Re: no start Yanmar
I would be interested to know if the OP ever solved the mystery of why his engine would not start. I have had a similar experience, though I don't think it is fuel-related, because the primary filter is always clean when I pull it and change it - twice a year.
Sailing down from Brisbane (sub-tropical) to Hobart (cool temperate) my Yanmar 2 GM-20 started every time with no trouble.
Then one fine day it just didn't want to go. It would fire, but die. After a lot of cranking with ever more throttle applied, it eventually stumbled to life.
Now it is really stubborn, so I have had to resort to 'Aerostart' (ether?) to help it along.
Once up and running, it produces plenty of power, and no more black smoke than one would expect at wide open throttle. At 2200 to 2300 rpm it runs smooth with no smoke and pushes my 30 ft boat at near hull speed. After that first reluctant start of the day, it always starts easily enough without resorting to the Aerostart, unless it gets really cold again.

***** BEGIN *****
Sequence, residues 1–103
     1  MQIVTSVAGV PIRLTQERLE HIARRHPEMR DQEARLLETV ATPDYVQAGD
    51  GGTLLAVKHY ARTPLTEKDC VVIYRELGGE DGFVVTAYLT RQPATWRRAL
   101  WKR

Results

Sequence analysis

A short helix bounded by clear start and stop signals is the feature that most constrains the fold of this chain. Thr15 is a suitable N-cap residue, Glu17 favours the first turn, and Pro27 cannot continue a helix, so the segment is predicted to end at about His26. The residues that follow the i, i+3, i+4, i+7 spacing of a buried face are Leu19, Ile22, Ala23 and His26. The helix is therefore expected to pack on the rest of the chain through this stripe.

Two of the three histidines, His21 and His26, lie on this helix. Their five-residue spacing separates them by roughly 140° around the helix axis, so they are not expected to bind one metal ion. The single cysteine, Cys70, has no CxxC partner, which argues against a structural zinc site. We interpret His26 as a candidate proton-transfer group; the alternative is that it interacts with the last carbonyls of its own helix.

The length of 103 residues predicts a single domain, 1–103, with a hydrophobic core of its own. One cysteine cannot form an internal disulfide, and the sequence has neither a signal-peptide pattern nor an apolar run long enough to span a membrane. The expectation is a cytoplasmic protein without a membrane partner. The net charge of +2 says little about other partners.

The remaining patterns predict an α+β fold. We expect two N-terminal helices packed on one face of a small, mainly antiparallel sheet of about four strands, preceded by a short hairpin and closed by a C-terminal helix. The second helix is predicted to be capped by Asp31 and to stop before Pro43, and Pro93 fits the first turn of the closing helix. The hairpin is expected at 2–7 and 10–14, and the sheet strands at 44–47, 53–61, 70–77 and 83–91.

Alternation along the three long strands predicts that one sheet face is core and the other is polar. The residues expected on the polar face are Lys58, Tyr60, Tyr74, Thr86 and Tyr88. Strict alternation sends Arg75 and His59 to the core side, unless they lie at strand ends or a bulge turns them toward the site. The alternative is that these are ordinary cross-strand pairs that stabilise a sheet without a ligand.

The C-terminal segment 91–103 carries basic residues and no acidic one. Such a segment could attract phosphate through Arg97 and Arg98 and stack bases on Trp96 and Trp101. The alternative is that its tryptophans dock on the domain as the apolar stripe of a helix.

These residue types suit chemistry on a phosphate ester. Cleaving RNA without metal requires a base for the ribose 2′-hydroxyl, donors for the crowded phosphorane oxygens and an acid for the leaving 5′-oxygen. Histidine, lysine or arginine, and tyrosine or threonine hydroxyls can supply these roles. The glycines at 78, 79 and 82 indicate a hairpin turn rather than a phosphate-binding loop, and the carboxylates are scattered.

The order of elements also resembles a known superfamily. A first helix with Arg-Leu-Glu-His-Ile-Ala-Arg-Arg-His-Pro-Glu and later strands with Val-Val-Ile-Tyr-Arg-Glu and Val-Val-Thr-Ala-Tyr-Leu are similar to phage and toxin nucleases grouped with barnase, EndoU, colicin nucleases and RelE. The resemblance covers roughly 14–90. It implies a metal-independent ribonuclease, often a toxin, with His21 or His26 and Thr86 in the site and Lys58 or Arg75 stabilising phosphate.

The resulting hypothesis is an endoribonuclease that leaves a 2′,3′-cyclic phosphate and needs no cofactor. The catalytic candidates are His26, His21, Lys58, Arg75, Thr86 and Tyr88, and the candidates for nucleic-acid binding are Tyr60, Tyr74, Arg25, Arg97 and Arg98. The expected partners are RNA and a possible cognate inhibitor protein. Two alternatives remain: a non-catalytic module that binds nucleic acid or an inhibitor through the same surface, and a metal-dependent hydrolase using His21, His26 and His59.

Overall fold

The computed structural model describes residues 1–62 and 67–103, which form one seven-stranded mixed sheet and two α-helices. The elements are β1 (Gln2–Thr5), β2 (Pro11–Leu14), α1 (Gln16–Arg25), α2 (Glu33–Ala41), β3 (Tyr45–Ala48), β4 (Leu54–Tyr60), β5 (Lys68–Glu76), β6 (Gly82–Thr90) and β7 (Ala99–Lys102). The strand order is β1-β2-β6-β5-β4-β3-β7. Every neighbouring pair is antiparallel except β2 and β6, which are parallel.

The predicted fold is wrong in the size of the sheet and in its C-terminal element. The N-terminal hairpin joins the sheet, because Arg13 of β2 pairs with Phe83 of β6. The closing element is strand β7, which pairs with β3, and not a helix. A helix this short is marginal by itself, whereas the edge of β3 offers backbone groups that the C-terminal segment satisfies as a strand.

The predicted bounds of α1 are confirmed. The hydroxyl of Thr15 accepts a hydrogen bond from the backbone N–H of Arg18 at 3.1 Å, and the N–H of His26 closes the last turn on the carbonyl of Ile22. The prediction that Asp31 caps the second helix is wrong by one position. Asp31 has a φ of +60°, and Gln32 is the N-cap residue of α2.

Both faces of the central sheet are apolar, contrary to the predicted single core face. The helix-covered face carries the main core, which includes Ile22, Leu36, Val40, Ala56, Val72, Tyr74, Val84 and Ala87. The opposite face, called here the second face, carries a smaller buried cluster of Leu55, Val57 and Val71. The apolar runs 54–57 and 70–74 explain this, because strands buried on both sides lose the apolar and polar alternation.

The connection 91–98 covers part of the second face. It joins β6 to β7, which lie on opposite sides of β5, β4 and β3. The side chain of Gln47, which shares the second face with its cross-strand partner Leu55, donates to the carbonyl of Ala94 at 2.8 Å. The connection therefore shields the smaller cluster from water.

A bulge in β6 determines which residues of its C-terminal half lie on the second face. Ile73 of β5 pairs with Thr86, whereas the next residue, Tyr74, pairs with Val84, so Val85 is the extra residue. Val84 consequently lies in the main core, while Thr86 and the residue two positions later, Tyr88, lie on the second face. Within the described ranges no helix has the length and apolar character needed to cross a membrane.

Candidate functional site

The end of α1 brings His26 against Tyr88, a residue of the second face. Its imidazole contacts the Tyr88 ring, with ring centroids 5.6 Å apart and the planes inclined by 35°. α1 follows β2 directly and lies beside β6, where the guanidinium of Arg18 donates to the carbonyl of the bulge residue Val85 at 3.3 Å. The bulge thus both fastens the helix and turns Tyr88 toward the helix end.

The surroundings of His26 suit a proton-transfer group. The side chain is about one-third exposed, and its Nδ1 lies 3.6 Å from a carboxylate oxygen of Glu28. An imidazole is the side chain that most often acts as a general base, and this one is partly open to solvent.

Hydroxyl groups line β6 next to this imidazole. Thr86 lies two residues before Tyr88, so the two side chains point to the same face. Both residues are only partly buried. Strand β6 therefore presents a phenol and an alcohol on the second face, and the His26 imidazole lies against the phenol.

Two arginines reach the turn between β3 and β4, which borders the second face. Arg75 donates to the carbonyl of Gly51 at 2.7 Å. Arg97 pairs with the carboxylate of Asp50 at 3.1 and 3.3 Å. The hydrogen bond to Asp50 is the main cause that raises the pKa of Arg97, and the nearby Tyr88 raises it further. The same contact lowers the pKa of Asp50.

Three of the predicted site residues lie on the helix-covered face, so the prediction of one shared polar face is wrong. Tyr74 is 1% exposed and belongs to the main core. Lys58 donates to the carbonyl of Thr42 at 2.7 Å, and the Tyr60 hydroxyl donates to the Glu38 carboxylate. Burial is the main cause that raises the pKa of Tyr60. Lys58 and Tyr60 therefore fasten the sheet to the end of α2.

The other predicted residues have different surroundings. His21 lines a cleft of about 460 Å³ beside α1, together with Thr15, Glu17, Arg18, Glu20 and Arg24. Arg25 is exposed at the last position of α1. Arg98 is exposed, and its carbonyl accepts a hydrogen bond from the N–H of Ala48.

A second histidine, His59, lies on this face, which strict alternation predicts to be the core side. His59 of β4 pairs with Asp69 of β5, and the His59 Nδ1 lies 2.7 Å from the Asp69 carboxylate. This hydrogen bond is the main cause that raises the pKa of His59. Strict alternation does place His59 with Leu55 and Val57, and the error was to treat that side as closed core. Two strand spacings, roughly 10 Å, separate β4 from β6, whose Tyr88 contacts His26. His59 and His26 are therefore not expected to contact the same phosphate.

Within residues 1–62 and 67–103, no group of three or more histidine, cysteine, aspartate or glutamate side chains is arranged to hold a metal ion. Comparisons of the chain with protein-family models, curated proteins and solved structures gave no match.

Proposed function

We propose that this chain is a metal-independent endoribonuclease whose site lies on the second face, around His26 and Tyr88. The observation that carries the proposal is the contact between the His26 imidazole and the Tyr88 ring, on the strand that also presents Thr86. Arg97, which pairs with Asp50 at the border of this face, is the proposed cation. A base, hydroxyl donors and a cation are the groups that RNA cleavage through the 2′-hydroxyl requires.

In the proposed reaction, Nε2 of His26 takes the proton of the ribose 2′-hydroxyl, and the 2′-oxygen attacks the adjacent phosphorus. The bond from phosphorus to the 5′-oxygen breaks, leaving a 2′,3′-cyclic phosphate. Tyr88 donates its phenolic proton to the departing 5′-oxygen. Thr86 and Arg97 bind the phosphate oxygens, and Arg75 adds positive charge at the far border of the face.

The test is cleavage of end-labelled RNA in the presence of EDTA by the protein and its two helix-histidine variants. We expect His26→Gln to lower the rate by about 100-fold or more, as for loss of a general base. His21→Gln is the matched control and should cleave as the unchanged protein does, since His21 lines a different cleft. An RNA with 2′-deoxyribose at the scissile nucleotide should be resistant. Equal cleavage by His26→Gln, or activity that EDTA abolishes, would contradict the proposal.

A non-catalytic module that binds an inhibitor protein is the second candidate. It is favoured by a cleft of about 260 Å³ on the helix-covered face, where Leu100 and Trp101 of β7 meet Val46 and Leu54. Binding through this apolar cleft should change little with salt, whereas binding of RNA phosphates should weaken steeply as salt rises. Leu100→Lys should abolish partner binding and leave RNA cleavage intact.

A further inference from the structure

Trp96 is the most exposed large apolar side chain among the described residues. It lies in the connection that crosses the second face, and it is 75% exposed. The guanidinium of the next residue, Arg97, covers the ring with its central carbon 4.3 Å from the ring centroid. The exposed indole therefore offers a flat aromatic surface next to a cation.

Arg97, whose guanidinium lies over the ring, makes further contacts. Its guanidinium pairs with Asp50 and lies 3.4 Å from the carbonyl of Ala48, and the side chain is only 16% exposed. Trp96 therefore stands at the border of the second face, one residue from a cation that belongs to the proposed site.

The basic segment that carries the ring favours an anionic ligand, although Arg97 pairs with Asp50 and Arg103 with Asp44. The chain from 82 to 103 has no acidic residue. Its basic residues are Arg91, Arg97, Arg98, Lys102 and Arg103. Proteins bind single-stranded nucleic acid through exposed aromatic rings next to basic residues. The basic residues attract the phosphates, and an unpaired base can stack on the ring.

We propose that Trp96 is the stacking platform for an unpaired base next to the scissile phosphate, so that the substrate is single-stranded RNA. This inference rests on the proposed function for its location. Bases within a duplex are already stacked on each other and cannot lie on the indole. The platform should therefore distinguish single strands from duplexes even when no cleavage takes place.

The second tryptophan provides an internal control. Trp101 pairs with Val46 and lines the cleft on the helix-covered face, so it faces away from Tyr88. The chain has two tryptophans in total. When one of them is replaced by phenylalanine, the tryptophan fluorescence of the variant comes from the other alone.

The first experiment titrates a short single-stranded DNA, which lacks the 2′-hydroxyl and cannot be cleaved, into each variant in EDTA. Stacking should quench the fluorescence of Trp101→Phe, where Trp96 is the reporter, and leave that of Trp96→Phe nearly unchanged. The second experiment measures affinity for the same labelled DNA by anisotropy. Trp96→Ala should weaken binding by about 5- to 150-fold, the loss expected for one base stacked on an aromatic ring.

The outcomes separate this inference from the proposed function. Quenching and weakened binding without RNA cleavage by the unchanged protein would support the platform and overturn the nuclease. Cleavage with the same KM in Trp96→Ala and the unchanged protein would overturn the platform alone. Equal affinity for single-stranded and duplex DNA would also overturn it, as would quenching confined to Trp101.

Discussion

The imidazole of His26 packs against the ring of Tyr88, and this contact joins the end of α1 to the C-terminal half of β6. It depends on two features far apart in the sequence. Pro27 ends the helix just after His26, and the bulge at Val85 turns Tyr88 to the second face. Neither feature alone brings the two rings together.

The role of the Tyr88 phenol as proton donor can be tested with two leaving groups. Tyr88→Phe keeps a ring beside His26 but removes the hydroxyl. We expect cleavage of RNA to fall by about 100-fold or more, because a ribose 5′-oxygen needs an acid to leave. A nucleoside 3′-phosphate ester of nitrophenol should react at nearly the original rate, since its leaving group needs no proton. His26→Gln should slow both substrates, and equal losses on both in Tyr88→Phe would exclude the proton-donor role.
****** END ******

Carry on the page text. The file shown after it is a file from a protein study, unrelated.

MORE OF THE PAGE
A local Yanmar mechanic reckons that these salt-water cooled engines commonly get corrosion in the exhaust valves, which means removing the head and getting the valves reground etc. But the compressions feel OK - at least I can hardly turn it on the hand crank unless I de-compress the valves. This engine is about 5 years old (although the 2GM series was superseded well before 5 years ago, it was in the crate until then) and it's only done about 400 hours, with plenty of loving maintenance - oil changes etc - and used throughout the year (even in Tasmania it ain't that bad you can't sail most months of the year). I have always been careful to shut off the raw water when not using the engine for more than a few days and also regularly check that no surplus water is anywhere in the exhaust system.
Any ideas, or actual experience much appreciated. Plus two questions in particular:
1. In colder climates do they really need full throttle to initiate the start?
2. Just how much damage does a squirt of Aerostart do - surely if it's that bad they wouldn't market it?